summer 2010 | |


Mill Creek comes with a rustic ambience.

He also is the former owner of The Sting in West Covina and The Hacienda Club in La Puente. â&#x20AC;&#x153;We serve all of our different sauces on the side to accommodate peopleâ&#x20AC;&#x2122;s various tastes,â&#x20AC;? he added. Complementing Mill Creekâ&#x20AC;&#x2122;s diverse menu is its inviting dĂŠcor that took more than two years to complete. The walls are adorned with Western artifacts that were found at yard sales and in junk yards around the Inland Empire. Many items also came from the



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former Pioneertown in Colton after it closed several years ago. â&#x20AC;&#x153;When people in the area heard we were building a restaurant with a Western motif, they started bringing us old saddles and all kinds of stuff,â&#x20AC;? Lotito added. â&#x20AC;&#x153;Everything in here has either been refurbished or reclaimed from some place or another. Itâ&#x20AC;&#x2122;s really amazing what you can come across when you start looking.â&#x20AC;? In addition to its Mentone location, Mill Creek Cattle Company has a smaller restaurant on Orange Tree Lane in Redlands. That location serves many of the same items as the one in Mentone, including breakfast entrees and a special Bucket of Barbecue that feeds four to six people for $34.99. A catering menu at both locations is available as well. Live music is featured at the Mentone location on Friday and Saturday evenings.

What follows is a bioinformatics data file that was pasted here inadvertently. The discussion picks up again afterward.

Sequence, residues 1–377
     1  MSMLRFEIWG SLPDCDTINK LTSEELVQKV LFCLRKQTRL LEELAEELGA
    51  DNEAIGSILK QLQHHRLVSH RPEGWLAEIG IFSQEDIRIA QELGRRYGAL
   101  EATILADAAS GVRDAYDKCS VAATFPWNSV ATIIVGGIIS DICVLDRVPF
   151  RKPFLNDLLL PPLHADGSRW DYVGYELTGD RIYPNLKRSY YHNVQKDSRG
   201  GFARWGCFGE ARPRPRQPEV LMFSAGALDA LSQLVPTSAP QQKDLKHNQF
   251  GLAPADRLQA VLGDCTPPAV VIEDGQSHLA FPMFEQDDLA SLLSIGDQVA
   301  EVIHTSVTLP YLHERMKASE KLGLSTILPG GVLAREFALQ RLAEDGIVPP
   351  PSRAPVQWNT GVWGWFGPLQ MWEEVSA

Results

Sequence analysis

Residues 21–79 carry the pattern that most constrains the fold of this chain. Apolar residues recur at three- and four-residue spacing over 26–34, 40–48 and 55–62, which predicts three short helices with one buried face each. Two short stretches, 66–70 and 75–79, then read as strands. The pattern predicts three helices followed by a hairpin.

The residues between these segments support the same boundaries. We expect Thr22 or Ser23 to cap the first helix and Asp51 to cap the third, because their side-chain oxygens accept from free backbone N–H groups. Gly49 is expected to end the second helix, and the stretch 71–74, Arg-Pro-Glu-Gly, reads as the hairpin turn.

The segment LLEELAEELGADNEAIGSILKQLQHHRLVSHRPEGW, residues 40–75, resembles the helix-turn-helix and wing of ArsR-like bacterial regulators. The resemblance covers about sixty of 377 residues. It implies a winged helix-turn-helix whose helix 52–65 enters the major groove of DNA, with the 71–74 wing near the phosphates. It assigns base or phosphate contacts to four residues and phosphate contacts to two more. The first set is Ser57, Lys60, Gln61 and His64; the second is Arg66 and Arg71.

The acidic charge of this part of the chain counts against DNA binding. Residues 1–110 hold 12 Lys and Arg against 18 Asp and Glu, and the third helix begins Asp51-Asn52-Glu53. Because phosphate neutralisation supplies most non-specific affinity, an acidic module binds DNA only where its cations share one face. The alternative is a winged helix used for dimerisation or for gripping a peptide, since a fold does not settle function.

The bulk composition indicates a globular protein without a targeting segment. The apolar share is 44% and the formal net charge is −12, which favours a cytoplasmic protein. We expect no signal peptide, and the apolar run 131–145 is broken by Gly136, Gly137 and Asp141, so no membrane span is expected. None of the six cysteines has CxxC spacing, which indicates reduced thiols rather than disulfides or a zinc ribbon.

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Redlands Sunrise Rotary